The Hole (1960 film)
|Directed by||Jacques Becker|
|Produced by||Serge Silberman|
|Based on||The Break by José Giovanni|
|18 March 1960|
The Hole (French: Le Trou) is a 1960 French crime film directed by Jacques Becker. It is an adaptation of José Giovanni's 1957 book The Break. It was called The Night Watch when first released in the United States, but is released under its French title today. The film is based on a true event concerning five prison inmates in La Santé Prison in France in 1947. Director Becker, who died just weeks after shooting had wrapped, used mostly non-actors for the film's main roles, including one man (Jean Keraudy) who was actually involved in the 1947 escape attempt, and who introduces the film. It was entered into the 1960 Cannes Film Festival.
Four long-sentence prisoners are determined to escape. Before they can start digging a tunnel, the prison staff puts a new convict, Gaspard, into their cell. They have no choice but to fill him in. At first he's enthusiastic about taking part in the getaway, but as the tunnel nears completion he discovers he will be released soon anyway, because the main witness against him has had a change of heart. Ignorant of this, Roland, Manu and Géo keep following through on their plan until it becomes evident that Gaspard has betrayed them.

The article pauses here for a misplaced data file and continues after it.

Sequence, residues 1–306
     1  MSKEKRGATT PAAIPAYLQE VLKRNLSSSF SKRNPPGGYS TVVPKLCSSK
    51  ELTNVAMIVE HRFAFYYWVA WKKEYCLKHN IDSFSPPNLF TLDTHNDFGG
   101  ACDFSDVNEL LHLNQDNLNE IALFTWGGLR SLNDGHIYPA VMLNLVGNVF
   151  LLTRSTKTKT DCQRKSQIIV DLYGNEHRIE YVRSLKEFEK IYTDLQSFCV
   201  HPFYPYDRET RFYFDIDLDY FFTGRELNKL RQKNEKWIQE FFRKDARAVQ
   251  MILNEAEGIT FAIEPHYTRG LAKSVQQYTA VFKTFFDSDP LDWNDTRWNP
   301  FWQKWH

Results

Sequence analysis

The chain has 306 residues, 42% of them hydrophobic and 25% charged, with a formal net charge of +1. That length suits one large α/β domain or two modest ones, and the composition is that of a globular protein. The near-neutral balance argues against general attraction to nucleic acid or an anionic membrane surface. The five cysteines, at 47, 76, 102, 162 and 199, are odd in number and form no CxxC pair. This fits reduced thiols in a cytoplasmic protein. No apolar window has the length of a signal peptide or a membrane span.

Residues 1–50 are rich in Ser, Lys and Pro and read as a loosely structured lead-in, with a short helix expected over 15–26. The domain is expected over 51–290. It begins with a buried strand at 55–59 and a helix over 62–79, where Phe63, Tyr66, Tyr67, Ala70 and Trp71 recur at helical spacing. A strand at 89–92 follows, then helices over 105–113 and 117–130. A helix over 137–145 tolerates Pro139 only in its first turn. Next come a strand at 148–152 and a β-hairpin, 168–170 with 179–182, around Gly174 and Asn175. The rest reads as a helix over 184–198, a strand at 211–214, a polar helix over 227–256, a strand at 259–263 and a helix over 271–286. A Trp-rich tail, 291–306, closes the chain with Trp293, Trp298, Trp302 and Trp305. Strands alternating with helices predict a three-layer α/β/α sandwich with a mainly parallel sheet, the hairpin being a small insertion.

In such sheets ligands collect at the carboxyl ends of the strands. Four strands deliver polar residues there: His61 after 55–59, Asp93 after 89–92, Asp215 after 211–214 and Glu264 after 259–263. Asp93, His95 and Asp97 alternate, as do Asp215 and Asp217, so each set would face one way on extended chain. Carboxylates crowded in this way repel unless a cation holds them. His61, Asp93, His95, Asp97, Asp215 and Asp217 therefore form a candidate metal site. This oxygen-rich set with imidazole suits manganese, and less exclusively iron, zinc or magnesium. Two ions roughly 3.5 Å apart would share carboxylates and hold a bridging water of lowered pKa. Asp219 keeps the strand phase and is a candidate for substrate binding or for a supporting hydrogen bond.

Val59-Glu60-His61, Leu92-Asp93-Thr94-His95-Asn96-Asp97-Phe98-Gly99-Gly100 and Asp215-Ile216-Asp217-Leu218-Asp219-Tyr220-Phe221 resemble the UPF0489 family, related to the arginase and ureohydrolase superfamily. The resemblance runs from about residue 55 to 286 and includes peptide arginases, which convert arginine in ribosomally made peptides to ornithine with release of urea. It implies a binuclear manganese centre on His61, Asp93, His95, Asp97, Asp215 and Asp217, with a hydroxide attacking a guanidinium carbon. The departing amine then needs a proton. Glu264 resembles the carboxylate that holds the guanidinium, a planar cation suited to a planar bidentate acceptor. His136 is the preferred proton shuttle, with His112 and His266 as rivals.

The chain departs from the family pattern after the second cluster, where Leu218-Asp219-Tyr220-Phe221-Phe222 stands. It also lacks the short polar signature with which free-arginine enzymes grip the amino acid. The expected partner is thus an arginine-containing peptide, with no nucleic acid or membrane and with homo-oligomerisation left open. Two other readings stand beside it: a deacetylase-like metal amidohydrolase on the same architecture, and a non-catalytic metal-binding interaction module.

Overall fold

- Michel Constantin as Geo Cassine
- Jean Keraudy as Roland Darbant
- Philippe Leroy as Manu Borelli (José Giovanni)
- Raymond Meunier as Vossellin / Monseigneur
- Marc Michel as Claude Gaspard
- Jean-Paul Coquelin as Lieutenant Grinval
- André Bervil as the director
- Eddy Rasimi as Bouboule
According to the 1964 press materials that are included in The Criterion Collection DVD, Jacques Becker first read of the 1947 La Santé Prison escape attempt in a newspaper. Years later, he found out that José Giovanni had fictionalized the same escape attempt in his 1957 novel The Break. Becker contacted Giovanni's publisher, Gallimard, and Becker and Giovanni collaborated on the screenplay of Le Trou.
During production, Becker hired three of the attempted escapees as technical consultants. One of the consultants, Roland Barbat (using the stage name Jean Keraudy), appears in the film as the character Roland Darbant, who plans the escape tunnel and improvises all the tools they use.
Barbat also appears at the beginning of the film as himself, working on a Citroën 2CV. (Barbat became a mechanic after prison.) He states directly to the camera that we are about to see his true story.
The scene where three different characters take turns breaking through the concrete floor of their cell is filmed in a single, nearly four minute long, shot.
There is no musical score except under the end credits.
The film has no opening credits.
- Le Trou at the Internet Movie Database
- Le Trou at AllMovie
- Criterion Collection essay by Chris Fujiwara
- Info at filsdefrance
- Short promotional film featuring interview with Jean Keraudy